Sunday, December 11, 2011

"Miss, do you have a dollar for me?"

Here are a few Samoan songs for you to enjoy as you read this post: 

I could listen to this song on repeat all day long. I just love it so much.

A classic Samoan song

One of my students told me to show this to anyone who wanted to know what life is like in Samoa. This pretty much sums it up. [This video was filmed in Western Samoa...that beautiful beach with the island in the background? Yeah, I've been there. That's Lalomanu...aka paradise, clearly.]

I hear the following phrases multiple times every day (even from students I don't even have or know):
“Miss, do you have a dollar for me?”
“Miss, do you have a quarter for me?”  [I get the sad puppy eyes along with it.]
“Miss, do you have bus fare for me?”
“Miss, do you have a phone?”
“Miss” [x10,000,000]
It's like I owe them or something!
In AmSam...
...they don’t say suckers. Instead they say lollipops.
...they don’t say toilet paper. Instead they say paper toilet. [Funny, right?]
...people of all ages love doing the Electric Slide. My students like to listen to the song in class. Funny.
...they love the song “Sexual Healing” more than the average person.
...tough, hardcore, mess-with-me-and-I-mess-with-you-boys will pick “You Belong With Me” by Taylor Swift instead of a scary rap song.
...going anywhere without a plate of sandwiches, a bag of McDonald’s cheeseburgers, and cases of soda is not okay. Sad.’s normal to see someone weed whacking their lawns (not many lawn mowers here) in slippers, shorts, and a t-shirt. I cringe and hope that they still have toes by the time they finish.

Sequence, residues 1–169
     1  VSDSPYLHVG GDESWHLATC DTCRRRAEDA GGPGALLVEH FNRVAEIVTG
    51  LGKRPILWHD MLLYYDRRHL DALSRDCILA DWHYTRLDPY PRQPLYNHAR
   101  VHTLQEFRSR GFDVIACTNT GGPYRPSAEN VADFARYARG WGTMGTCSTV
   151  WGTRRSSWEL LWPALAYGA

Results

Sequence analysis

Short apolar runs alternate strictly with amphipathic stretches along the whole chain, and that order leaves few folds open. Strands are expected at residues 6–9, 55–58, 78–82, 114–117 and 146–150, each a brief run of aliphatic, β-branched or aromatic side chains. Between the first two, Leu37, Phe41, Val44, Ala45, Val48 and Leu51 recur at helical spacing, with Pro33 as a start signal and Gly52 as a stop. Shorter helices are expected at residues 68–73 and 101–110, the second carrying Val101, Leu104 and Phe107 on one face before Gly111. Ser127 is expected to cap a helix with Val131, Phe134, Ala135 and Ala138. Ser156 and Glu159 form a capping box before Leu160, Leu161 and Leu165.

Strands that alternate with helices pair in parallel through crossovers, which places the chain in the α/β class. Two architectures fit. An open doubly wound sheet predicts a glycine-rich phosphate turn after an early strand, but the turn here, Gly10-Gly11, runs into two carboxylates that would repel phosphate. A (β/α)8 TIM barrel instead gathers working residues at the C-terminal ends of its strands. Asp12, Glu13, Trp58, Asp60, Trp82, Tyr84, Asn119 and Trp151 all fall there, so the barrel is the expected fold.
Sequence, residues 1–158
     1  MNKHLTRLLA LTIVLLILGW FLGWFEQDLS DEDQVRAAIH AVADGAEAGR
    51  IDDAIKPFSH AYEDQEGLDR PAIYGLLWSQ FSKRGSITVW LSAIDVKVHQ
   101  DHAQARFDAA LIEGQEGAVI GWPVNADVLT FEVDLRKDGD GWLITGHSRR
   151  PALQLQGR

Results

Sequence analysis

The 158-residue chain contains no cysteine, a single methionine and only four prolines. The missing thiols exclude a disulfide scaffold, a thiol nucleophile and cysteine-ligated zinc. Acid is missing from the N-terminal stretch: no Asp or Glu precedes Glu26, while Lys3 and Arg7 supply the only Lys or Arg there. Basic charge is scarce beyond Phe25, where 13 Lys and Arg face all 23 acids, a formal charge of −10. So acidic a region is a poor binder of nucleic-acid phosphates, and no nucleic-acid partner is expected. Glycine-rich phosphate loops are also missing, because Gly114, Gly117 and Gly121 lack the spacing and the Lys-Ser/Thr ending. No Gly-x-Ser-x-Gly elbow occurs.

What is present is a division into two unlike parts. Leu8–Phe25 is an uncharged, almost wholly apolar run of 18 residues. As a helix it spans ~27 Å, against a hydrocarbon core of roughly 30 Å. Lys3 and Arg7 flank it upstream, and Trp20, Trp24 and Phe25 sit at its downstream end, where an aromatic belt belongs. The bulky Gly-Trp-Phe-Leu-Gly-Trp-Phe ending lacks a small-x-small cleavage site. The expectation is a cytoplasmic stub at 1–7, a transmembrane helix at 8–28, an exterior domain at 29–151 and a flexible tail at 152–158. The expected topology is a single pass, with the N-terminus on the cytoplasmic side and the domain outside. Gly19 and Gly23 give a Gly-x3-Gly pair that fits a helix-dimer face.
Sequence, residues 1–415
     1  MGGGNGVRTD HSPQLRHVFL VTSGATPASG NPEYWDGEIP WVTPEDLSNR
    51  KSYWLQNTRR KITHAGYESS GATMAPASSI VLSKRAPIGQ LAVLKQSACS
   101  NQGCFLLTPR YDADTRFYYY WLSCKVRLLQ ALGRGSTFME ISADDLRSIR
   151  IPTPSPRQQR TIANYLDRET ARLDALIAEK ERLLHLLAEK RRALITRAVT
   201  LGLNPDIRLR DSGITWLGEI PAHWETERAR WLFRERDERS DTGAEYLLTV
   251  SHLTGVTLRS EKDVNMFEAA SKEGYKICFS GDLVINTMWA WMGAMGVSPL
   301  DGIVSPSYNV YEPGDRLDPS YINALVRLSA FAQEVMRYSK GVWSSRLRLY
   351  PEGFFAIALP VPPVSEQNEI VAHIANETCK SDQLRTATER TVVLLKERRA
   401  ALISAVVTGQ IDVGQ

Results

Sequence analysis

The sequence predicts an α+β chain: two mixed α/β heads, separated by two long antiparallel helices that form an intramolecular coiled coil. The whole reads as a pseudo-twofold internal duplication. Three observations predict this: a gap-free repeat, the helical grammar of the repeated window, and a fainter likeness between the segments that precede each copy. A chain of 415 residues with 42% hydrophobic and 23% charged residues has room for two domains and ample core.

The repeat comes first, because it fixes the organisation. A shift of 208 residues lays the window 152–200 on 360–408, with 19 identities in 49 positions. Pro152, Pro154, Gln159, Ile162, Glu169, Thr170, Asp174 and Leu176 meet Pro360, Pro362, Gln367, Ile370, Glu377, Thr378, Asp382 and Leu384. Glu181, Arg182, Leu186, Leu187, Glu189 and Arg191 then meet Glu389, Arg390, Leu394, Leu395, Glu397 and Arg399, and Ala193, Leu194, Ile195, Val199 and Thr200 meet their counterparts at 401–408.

...they share EVERYTHING. Cell phones, pens, backpacks, notebooks, homework (grr), and even food. Let’s talk about their sharing of food. Someone walks into my classroom with a bag of tuna sandwiches for a party they are having in another class (yes, when you have a party in your class, you bring tuna sandwiches. Of course!), that student is SWARMED. Everyone wants a sandwich. If one person gets a sandwich, everyone needs to take a bite out of it. If someone has a cookie or even a tiny little piece of candy and someone asks for some, they easily give it up and share it with them. Sometimes, they don’t want to share. I’ve had students literally stuff half a sandwich in their mouth in less than 5 seconds so they don’t have to share. I’ve also had students come into my room with food and hide behind my bookshelf so no one else knows they have it. They can eat it in peace (unless someone comes in the room, they get afraid, and shove it all in their mouths.) It is so very entertaining.